verb (used with object), stig·ma·tized, stig·ma·tiz·ing.
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Origin of stigmatize
OTHER WORDS FROM stigmatizestig·ma·ti·za·tion, nounstig·ma·tiz·er, nounde·stig·ma·tize, verb (used with object), de·stig·ma·tized, de·stig·ma·tiz·ing.un·stig·ma·tized, adjective
Words nearby stigmatize
Example sentences from the Web for stigmatizing
Stigmatizing it and criminalizing it means only greater harm to those it supposedly is protecting.
Having worked in this area for 30 years, I have learned that the greater risk is stigmatizing people with mental disorders.
But stigmatizing the whole community is exactly what al Qaeda hopes for—an overreaction that could help their recruitment.How Peter King's Muslim Hearings Help the Terrorists|Jonathan Alter|March 10, 2011|DAILY BEAST
All writers concur in stigmatizing the dissoluteness and neglect of decency that prevailed among the clergy.The Freethinker's Text Book, Part II.|Annie Besant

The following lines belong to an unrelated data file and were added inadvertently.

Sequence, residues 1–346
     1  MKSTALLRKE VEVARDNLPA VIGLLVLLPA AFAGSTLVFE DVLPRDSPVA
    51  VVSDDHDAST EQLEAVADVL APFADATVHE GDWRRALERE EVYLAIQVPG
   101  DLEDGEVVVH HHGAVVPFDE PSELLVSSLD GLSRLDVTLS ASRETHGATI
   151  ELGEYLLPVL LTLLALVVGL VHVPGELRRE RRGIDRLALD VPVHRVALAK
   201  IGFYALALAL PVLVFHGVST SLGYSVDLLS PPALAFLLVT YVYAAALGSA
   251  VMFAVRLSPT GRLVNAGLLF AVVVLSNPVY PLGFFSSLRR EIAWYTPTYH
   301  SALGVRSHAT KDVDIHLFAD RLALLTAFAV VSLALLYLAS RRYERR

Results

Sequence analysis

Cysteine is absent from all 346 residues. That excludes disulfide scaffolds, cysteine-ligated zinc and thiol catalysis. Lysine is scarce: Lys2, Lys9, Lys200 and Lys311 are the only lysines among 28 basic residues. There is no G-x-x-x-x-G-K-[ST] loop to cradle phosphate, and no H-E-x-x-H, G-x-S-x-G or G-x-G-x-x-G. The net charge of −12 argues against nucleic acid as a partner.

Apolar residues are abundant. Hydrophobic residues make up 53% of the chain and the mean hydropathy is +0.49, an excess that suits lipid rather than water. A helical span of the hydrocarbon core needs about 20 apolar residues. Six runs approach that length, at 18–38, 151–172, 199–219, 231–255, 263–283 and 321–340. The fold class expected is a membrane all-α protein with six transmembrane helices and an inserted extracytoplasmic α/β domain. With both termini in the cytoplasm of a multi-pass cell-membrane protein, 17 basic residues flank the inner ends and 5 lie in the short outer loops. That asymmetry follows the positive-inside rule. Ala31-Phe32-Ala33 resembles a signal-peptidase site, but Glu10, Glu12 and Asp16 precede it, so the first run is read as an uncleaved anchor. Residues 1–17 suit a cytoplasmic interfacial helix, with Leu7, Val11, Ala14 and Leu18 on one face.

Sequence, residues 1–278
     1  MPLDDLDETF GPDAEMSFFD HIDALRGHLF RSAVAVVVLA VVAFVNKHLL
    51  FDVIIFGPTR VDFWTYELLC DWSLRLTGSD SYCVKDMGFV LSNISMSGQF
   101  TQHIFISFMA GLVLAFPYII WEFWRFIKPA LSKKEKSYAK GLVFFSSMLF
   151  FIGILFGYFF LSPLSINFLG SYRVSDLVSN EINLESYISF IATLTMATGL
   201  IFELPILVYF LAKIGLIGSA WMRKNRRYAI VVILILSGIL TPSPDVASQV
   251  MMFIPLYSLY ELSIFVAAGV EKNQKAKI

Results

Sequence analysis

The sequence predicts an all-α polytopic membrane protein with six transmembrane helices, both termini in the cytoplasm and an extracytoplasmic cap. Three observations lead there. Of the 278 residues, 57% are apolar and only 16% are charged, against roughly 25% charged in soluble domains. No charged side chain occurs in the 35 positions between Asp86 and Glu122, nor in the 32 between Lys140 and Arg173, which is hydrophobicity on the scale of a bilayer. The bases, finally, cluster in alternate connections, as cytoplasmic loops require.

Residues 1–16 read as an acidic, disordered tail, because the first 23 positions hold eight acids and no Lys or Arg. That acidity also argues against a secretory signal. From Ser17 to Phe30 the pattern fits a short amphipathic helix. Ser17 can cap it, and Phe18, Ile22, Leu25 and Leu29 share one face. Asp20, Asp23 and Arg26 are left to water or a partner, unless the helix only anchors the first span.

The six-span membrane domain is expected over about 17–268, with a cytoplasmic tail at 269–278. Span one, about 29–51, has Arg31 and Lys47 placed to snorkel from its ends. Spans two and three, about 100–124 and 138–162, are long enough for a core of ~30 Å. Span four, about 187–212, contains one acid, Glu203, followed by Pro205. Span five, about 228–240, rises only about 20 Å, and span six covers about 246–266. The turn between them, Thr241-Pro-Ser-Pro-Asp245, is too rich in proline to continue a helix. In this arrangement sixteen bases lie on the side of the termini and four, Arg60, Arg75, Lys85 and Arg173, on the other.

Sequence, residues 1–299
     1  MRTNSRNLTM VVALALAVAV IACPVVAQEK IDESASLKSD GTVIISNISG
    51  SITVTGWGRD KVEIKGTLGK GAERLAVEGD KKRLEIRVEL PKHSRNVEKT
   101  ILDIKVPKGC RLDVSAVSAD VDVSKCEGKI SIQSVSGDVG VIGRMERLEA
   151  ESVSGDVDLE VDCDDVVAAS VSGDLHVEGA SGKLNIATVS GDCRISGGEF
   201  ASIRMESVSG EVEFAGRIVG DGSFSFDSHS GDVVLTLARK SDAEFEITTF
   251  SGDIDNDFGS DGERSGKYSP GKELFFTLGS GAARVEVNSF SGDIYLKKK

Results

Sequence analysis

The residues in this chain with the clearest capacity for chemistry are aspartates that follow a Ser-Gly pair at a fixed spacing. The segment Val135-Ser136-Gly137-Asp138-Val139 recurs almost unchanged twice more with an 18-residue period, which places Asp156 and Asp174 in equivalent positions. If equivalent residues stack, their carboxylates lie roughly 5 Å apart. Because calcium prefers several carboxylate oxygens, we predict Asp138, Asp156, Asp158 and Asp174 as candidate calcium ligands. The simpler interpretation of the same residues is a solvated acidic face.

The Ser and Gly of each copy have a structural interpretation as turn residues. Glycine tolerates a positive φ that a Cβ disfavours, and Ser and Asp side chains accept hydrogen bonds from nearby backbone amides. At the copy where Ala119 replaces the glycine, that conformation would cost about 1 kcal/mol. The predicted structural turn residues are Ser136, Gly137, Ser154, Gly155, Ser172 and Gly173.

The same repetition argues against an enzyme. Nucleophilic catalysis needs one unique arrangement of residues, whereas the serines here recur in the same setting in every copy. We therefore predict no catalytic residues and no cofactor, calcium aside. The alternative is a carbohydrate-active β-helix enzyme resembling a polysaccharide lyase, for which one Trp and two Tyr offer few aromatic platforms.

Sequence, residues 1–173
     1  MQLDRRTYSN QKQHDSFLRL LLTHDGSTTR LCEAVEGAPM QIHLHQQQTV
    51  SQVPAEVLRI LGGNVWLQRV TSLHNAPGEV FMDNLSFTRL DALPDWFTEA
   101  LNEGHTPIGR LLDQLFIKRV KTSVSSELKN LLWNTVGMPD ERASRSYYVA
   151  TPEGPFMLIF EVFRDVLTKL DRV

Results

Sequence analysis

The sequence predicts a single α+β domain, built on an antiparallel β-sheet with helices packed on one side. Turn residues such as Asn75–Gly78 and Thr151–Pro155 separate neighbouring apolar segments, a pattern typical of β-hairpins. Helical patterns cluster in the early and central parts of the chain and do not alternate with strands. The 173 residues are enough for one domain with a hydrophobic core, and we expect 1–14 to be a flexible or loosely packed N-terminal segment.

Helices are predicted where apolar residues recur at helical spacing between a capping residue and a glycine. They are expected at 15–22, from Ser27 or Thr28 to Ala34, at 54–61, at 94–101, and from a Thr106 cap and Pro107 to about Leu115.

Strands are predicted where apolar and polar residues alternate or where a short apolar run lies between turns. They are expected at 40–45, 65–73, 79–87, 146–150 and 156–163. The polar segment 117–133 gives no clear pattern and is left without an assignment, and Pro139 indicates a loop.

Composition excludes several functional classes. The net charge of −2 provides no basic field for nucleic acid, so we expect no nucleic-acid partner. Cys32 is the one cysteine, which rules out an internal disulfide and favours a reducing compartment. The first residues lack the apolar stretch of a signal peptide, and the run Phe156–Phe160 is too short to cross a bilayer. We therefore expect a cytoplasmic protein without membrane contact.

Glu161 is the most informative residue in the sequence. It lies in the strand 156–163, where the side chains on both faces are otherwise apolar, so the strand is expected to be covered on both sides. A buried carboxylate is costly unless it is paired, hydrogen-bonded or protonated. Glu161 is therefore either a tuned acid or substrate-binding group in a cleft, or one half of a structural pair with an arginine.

It has the particular sense of stigmatizing the person addressed or in question as a dupe.
You cannot dwarf the movement by stigmatizing it as treason.A Report of the Debates and Proceedings in the Secret Sessions of the Conference Convention|Lucius Eugene Chittenden
Even her fidelity vexed the unfaithful husband, who seemed to bid her do wrong by stigmatizing her virtue as insensibility.At the Sign of the Cat and Racket|Honore de Balzac
To this feverish but chivalrous outburst Vinoy could only oppose an order of the day stigmatizing it.History of the Commune of 1871|P. Lissagary